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Nov 14, 2008 10:46 AM

2 exceptionally unique beers

I live on the west coast and just visited chicago. I used to drink Bell's AMber all the time when I lived tehre and really rediscovered it this time - a totally unique beer. I don't know anything else that tastes like it.

And 3 Floyd's gumballhead - it says wheat but that is one unusual beer - sweetness and hopppiness and somehow light. amazing beer

i know every beer is unique, but i don't anything else even in the styles of these two.
and i can't think of anything on the west coast, except for some extreme hop creations, that possess such uniqueness

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  1. The first beer that came to mind for me was Lost Abbey's Cuvee de Tomme. Lost Abbey describes the beer as: "A massive brown ale base that is made from four fermentable sugars including Malted Barley, Raisins, Candi Sugar and Sour Cherries, this beer is fully fermented before being placed in Bourbon barrels where the beer ages for one year with the Sour Cherries and the wild Brettanomyces yeast that we inoculate the barrels with". It is not available all the time but definitely worth trying at least once.

    1. Gumballhead is the best session beer I've ever had.
      Low ABV, but fantastic taste.

      1. there's a big article in the current new yorker about the rise of "extreme beer" and profiles dogfish head brewery in detail. just to clarify - none of the beers they make are exceptional in the sense i'm talking about. These two beers are not extreme beers, brewed with all sorts of wild ingredients: they are just magnificently unique beers using the same ingredients other beers use.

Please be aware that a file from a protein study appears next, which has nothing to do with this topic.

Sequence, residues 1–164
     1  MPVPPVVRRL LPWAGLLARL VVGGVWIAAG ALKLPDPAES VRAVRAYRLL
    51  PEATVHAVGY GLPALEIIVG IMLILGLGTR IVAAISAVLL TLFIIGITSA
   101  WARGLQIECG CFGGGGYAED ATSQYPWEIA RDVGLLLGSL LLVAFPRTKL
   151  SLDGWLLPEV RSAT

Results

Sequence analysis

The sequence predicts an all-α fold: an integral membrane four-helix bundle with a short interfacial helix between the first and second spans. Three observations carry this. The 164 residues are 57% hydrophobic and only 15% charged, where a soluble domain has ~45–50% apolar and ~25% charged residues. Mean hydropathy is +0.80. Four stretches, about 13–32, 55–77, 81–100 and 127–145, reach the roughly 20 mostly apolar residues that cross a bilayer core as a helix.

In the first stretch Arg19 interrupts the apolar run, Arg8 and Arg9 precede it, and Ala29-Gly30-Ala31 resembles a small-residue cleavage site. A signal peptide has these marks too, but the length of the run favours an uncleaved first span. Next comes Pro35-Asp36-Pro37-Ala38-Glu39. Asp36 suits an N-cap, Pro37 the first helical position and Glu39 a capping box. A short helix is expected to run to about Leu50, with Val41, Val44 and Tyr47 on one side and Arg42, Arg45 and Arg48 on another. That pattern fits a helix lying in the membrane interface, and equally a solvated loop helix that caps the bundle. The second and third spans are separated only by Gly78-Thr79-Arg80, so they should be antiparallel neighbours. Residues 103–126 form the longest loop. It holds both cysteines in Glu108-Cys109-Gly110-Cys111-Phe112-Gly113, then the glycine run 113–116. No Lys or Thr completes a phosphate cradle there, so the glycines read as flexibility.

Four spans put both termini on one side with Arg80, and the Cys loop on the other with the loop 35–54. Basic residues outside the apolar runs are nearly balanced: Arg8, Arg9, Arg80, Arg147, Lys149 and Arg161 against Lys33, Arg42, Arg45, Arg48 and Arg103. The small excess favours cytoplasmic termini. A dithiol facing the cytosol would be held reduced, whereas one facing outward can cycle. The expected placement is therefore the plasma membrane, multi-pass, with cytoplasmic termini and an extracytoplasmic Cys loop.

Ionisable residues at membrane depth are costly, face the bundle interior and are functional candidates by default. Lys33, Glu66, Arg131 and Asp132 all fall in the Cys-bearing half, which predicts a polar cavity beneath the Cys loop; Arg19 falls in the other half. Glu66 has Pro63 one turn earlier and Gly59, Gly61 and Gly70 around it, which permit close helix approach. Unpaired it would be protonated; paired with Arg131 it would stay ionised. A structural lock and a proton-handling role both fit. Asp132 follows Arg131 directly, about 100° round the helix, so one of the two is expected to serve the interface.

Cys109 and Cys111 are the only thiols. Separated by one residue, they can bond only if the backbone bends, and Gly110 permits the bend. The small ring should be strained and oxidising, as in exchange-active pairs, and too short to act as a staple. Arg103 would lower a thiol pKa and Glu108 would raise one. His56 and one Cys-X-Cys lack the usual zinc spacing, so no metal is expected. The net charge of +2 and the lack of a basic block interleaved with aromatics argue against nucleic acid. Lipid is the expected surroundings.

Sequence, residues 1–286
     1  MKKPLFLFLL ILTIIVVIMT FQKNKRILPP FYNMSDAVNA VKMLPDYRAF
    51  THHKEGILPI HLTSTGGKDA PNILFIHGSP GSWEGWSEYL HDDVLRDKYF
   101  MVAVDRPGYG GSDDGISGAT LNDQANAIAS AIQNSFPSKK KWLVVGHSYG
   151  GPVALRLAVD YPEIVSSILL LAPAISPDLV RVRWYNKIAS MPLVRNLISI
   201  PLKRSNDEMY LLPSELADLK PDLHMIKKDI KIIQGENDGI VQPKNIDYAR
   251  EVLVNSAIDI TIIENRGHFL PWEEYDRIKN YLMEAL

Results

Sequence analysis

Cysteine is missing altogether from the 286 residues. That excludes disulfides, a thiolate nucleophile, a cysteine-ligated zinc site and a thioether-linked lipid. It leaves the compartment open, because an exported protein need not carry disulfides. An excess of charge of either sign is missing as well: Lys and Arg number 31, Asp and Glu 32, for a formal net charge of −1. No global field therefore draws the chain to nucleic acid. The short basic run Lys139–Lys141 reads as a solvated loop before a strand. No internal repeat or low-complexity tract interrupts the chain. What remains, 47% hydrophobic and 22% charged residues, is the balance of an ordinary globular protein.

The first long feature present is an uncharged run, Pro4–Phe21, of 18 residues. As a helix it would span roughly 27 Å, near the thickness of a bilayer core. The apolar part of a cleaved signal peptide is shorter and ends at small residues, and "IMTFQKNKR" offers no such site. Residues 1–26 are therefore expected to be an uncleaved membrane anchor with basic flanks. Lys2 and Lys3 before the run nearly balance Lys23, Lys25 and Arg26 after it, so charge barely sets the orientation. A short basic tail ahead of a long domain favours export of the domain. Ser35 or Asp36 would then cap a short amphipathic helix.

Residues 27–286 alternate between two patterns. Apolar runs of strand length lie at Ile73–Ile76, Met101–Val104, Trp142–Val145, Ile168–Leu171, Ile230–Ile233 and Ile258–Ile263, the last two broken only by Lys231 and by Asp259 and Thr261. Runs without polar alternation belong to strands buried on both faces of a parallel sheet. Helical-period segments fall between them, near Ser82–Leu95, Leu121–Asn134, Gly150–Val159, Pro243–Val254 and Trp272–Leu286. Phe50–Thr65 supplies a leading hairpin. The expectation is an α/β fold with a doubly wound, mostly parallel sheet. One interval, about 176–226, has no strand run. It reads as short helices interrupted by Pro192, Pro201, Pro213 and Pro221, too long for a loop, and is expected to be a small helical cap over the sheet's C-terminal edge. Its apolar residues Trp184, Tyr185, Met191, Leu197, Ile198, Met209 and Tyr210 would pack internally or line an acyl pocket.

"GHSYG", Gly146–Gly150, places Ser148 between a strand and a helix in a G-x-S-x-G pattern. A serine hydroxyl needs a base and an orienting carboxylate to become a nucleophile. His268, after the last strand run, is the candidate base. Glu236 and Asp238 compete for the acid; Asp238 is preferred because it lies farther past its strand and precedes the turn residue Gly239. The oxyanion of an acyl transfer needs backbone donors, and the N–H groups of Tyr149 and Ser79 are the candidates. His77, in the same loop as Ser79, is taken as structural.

10 Replies
        1. re: mr mouther

          Well if your qualification is unique but not "extreme" then I dont know if this one would qualify but it certainly needs to be high on the list of any "unique beer" category and thats Stone's Arrogant Bastard which the brewer himself will tell you started off as a complete mistake which they decided to bottle anyway and see what would happen. It is now considered in the "extreme beer" family because of the hop and grain bill but back then it was just a brewing error that worked well. When they first tasted it they came this close to just pouring the whole batch down the drain. And now look how popular that beer is...

          Also you may want to give consideration to Rogue's Dead Guy Ale which is really a kind of halfbreed Maibock that somehow became their signature brew and is now fairly ubiquitous. How many other mutant Maibocks do you know that can say that.